So why isn't this Regulatory Nirvana's significantly cheaper modus operandi being applied to our statutory scheme (aka NMC)? Clearly it is possible to run a regulatory body more cheaply so why does the NMC charge so much for periodic registration? They will point to their overspend on legal bills and that can only be because of poor management.

    Regulation of the unqualified workforce is a good idea - particularly as they are a far more skilled and knowlegeable group than they were even ten years ago, but how about getting the NMC - or better still a replacement for it - working efficiently in a cost effective manner.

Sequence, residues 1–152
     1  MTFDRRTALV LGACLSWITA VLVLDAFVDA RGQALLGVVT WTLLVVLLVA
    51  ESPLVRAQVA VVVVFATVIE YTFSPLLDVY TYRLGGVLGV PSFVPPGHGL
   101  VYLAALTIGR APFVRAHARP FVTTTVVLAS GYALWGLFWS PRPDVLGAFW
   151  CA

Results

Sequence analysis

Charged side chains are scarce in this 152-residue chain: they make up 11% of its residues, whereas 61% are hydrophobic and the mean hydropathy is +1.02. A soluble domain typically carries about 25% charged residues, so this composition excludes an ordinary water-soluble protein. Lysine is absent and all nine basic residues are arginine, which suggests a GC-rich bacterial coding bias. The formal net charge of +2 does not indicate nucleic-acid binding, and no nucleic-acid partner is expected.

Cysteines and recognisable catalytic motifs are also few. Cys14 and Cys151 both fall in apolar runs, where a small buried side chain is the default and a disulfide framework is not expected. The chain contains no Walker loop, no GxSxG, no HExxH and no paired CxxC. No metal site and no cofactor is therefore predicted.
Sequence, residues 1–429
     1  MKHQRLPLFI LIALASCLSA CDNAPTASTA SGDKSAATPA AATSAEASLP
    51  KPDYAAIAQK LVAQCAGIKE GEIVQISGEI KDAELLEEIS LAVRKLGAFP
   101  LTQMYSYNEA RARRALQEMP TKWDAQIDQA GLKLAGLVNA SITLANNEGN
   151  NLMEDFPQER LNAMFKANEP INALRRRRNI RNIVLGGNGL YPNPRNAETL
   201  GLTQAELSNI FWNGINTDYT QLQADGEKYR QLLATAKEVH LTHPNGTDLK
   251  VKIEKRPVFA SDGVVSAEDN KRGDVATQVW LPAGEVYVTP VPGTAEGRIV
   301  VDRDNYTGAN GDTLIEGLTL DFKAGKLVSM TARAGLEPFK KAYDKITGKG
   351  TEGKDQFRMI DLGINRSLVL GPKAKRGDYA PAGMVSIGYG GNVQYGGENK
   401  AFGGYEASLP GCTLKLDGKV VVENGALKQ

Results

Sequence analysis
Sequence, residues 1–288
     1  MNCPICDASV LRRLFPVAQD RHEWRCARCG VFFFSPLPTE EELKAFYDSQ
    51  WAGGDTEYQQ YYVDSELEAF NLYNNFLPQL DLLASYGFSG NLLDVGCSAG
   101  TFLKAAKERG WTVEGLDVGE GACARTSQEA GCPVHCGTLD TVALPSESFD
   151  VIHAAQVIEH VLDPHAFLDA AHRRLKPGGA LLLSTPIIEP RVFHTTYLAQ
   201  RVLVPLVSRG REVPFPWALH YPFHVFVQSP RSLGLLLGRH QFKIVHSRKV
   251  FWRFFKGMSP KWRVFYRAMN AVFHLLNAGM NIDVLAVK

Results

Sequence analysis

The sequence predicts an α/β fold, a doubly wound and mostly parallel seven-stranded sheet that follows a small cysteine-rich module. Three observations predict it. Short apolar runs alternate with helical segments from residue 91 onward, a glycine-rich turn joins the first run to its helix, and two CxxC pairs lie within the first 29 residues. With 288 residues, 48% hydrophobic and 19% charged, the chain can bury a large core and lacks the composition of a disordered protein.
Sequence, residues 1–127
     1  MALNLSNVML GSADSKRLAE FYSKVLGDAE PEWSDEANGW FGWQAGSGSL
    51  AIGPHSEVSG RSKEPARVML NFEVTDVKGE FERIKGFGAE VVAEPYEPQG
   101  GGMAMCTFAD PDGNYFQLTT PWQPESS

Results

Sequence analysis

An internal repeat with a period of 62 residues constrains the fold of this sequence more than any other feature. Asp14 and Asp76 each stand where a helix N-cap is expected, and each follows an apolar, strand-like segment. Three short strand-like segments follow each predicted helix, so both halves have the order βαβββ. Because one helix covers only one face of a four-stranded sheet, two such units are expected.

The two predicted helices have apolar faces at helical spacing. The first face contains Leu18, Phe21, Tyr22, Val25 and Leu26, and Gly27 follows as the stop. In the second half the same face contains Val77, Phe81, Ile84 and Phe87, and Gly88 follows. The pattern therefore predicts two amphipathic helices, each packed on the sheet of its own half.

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  • "The council is drawing up guidelines for nurses who do not know when they need to perform tasks - such as feeding or washing patients - or when they can delegate to assistants."

    Should someone be a nurse if the can't even work out when to do the above? I'm NQ and have the common sense on how to prioritise my workload and appropriately delegate tasks so that things get done.

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  • The ability to delegate comes from learning from more experienced colleagues and from experience itself. A nurse does not automatically know how to delegate effectively.